In Ngugi wa Thiong'o's novel Wizard of the Crow (Murogi wa Kagogo), one character (Nyawira) in the country of Aburiria 'seems to apotheosize Wangari Maathai' (Muhia & Gathogo 2018:1-16). This is reminiscent of the case where Prof. Wangari Maathai fought bravely in the late 1980s and early 1990s to stop the construction of what is being framed, in the novel, as the highest building ever to be built on Earth, a building that was planned along the lines of the biblical story of the Tower of Babel (Gn 11:1-9). Wangari Maathai fought this ecologically insensitive building that the government of President Moi intended to build until Nairobi's public recreation park was spared from destruction. In Ngugi's novel, Nyawira (who represents hardworking women) risked her life and fought what was described by the government of Aburiria as that which will be an 'out-wonder [of] all the existing wonders of the world: the pyramid of Egypt, Taj Mahal, the Hanging Gardens of Babylon, the Great Wall of China etc' (Muhia & Gathogo 2018:8). Wangari Maathai went on to win the Nobel Peace Prize in 2004 for her crusade against human rights violations and in support of environmental conservation. Wa Thiong'o appeals to the politics of language to show how historical factors have played a negative role in disfiguring the African memory. As noted in Gathogo (2016):

Ngugi wa Thiong'o, the well-known Kenyan novelist, dramatist and essayist, in his Something Torn and New: An African Renaissance, traces Africa's fragmentation and restoration amidst the global history of colonialism and modernity. For him, Africans in Africa and in the diaspora were subjected to the same erasure of all that preceded European conquest and colonisation. He sees similar patterns among other cultures, with the Irish and Native Americans being just two examples. Language therefore becomes critical in reconnecting conquered people to their respective cultures. In his quest for a revitalised Africa, he argues that a renaissance of African languages is an essential step in the restoration of African wholeness. He stopped writing in English in the 1970s in favour of African languages, specifically Kikuyu and Kiswahili, and ponders whether an African renaissance, following the dark ages of colonialism and apartheid, would be expressed in European languages. His foremost concern has therefore been the critical importance of language to culture. As he explores Africa's historical, economic and cultural fragmentation by slavery, colonialism and globalisation, Europhonism, the replacement of indigenous names, languages, and identities with European ones, reveals itself as a constant and irrepressible force the result of which he envisages to be the dismemberment of African memory. (p. 54)


Autobiographical theory

Wole Soyinka's (1981) book The Years of Childhood, like Ngugi wa Thiong'o's Dreams in a Time of War (Thiong'o 2010), is another treatise that appraises the power of autobiographical theory. As in postcolonial theory, noted above, the power and essence of memory run concurrently. In The Years of Childhood (1981), Akinwade Oluwole Babatunde Soyinka, popularly called Wole Soyinka, gives an autobiographical account of events in his childhood, ranging from 1934, the year of his birth, through to 1945, as he grew up in the town of Ake, Nigeria. Soyinka spent 12 years of his life in Ake before moving to Ibadan to attend a government college. His starting point is a parsonage compound, among the Yoruba people in Abeokuta. Such memories are forward moving, as they inspire his readers to appreciate a humble starting point for top achievers as the ideal preparation for a major take-off. Soyinka, the Nigerian playwright, poet and essayist, went on to be awarded the Nobel Prize in Literature, in 1986, the first sub-Saharan African to be honoured in that category.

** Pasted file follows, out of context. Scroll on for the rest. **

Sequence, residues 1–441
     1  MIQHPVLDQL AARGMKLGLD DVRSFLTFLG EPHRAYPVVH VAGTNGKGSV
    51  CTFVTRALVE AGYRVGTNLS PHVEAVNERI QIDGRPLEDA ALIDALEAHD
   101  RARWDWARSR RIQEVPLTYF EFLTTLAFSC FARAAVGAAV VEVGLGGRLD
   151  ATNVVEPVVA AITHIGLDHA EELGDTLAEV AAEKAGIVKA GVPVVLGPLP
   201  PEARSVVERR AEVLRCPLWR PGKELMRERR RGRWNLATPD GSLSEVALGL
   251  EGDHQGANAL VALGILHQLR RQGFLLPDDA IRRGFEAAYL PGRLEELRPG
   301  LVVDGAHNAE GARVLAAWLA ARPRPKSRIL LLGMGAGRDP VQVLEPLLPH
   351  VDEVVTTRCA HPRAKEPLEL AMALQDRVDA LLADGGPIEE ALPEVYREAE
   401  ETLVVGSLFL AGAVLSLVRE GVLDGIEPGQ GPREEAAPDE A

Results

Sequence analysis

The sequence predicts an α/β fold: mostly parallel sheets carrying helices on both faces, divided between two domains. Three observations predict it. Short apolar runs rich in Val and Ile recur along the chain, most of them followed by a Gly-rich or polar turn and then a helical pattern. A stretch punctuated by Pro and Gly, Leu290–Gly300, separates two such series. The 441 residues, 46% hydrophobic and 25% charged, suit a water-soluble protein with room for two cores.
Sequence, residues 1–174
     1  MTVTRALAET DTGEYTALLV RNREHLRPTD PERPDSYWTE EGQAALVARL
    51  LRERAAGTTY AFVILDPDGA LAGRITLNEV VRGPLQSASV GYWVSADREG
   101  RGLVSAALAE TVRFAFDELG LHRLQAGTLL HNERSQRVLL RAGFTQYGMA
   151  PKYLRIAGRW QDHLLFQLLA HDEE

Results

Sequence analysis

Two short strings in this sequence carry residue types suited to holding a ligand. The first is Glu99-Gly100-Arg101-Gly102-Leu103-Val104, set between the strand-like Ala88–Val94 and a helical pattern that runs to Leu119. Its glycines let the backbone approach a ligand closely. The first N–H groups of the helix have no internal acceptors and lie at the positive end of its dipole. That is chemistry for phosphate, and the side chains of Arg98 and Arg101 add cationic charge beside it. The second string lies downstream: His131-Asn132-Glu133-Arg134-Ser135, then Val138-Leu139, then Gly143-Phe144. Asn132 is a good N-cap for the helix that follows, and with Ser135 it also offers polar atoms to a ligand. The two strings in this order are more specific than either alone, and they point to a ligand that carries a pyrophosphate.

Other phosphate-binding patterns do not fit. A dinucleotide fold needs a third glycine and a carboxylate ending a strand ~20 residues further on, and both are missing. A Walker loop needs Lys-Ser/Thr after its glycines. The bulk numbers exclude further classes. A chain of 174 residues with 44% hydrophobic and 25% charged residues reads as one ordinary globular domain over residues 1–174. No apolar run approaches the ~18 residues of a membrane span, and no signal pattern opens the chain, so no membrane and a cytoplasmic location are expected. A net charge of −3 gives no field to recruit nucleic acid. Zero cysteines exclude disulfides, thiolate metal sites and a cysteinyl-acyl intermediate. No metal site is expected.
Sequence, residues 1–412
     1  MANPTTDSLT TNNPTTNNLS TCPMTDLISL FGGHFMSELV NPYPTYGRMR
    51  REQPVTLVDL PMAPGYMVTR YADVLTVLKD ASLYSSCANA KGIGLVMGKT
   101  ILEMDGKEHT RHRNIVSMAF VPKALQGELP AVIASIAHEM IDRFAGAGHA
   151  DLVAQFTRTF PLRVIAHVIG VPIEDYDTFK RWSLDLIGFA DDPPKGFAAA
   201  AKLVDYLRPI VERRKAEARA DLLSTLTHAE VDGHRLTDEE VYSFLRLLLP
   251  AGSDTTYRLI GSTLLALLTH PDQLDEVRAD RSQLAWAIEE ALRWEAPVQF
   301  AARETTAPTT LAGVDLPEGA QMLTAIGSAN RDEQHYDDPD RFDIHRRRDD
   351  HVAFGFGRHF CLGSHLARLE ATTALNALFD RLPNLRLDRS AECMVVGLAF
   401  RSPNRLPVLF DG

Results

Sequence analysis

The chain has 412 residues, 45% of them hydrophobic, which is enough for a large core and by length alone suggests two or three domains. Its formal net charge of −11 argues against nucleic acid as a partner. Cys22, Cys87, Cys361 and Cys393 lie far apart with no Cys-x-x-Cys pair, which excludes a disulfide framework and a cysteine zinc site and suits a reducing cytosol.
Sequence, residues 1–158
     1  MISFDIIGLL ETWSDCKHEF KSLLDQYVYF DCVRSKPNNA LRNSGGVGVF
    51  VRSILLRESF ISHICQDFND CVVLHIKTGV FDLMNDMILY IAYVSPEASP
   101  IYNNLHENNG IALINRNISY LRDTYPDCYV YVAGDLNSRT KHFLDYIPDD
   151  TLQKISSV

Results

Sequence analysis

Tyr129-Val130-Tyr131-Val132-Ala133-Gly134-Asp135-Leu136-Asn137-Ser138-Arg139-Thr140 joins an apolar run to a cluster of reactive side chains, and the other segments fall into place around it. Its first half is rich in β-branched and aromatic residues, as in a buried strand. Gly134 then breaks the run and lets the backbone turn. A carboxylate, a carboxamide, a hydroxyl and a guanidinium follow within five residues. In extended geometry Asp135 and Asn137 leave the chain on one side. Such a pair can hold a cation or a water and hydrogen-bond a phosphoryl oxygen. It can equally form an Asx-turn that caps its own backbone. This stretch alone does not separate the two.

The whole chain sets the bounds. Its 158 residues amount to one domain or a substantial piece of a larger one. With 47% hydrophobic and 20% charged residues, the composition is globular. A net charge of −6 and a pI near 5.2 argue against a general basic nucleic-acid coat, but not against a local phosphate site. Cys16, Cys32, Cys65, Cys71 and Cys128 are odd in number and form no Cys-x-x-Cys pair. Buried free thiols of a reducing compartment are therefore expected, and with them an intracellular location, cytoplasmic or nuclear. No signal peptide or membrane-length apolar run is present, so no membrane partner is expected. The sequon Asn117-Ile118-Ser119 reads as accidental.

In Ngugi wa Thiong'o's Dreams in a Time of War (2010), he demonstrates the power of memory when he takes his readers on a journey right into the colonial era, which was characterised by cultural subjugation, 'modernity' conflicts, war, tension and the troubled relationship that emerged when Christianity created a middle class versus the rural poor. In attempting to prick our collective memory, in Dreams in a Time of War wa Thiong'o presents recollections of the Mau Mau war of independence, in which tens of thousands lost their lives during the 1950s and 1960s, to demonstrate that we can dare to dream even in the worst of times. Hence, in his childhood and youthful moments, he could dare dream of a better world despite facing all sorts of danger. In employing autobiographical theory and method, Ngugi shows that human rights are sacrosanct and translate to the fact that complexities and the sociopolitical vicissitudes of life under colonialism, war and neocolonialism cannot bar the way for dreamers with a collective memory.

In Ngugi wa Thiong'o's novel Decolonising the Mind (1981, 1986), he reminisces about the dark days of Kenya's colonial history, where in 1952, African instituted schools, which allowed the use of the vernacular, were closed down following the Mau Mau (freedom fighters) skirmishes. This coincided with the declaration of a state of emergency on 20 October 1952 that lasted till 12 January 1960, when it was lifted by the British colonial government (Gathogo & Njogu 2019). This banning of patriotic schools went hand in hand with the idea of making English the only language of instruction in schools and using it as a measure of intelligence. In other words, the better you spoke English, the more intelligent you were seen to be, as other languages were treated as inferior. Such recollections are critical in formulating and planning for a better future.